Does anything quite prepare you for an adventure in Africa; quite simply, nothing can. My Acacia overland adventure of Southern African began in Zambia. On arrival into Livingstone we were transferred to our accommodation on the banks of the Zambezi River a few miles upstream from the spectacular Victoria Falls. I arrived a few days before my tour was due to begin, as there are so many activities to do and sights to see here.
Our first day was spent relaxing from a long flight on the banks of the Zambezi with a “sun downer” watching the glorious sunset and serene African surroundings as the next morning we had to up early for our first adventure down the Zambezi River – white water rafting. The Zambezi River is the fourth largest river system in Africa after the Nile, Zaire and Niger Rivers – running through six countries on its journey from central Africa to the Indian Ocean. All of these claims come second to its notoriety as one of the wildest white water rafting runs in the world its long, violent grade 4 – 5 rapids and steep gradients providing a challenge for even the most enthusiastic adventurer. We went through 23 rapids in total, some of which were absolute monsters, drinking our fair share of the river on the way. The rafting came to an end but another challenge lay in store for us – climbing out of the gorge itself! After the climb we went back to our campsite where we were able to watch a film of our rafting trip, a great end to a great day’s adventure.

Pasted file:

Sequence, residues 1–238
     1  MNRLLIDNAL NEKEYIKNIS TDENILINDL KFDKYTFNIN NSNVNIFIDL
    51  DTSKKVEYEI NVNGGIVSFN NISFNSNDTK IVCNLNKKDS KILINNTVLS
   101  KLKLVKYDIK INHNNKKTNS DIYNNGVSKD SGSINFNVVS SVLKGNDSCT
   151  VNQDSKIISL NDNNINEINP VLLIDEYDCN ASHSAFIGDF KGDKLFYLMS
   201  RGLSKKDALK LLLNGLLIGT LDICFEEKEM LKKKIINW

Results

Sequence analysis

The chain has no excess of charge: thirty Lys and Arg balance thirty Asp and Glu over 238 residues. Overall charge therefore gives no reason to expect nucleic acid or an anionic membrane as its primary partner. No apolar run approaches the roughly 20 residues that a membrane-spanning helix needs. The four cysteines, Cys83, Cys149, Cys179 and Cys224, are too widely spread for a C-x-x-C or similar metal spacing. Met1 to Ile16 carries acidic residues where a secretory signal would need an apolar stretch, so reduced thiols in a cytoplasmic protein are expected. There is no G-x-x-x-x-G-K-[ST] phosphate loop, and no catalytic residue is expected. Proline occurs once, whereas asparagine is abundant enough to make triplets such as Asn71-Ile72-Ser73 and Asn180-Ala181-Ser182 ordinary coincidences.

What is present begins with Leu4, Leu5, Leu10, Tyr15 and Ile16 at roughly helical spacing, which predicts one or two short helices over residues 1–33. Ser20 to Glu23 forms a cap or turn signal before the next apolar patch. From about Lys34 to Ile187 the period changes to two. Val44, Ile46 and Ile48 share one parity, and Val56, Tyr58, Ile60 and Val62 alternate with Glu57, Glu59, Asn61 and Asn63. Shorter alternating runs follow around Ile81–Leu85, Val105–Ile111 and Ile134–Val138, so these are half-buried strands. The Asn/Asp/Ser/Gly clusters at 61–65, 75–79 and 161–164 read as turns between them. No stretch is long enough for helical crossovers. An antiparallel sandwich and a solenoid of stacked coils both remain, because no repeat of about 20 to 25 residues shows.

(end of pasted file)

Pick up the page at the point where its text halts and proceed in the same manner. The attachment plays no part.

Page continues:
The next day we were off to the Victoria Falls. This world-renowned “Smoke that thunders” took my breath away – nearly a mile wide and 100 metres deep, with walking paths so near the edge you can lean over and look into the gorge itself. Coming face to face with one of nature’s most astounding sights was spell bounding; the enormity of staring at the largest curtain of water falling on earth becoming clear as the spray from the water crashing into the rocks below soaked me completely to the skin.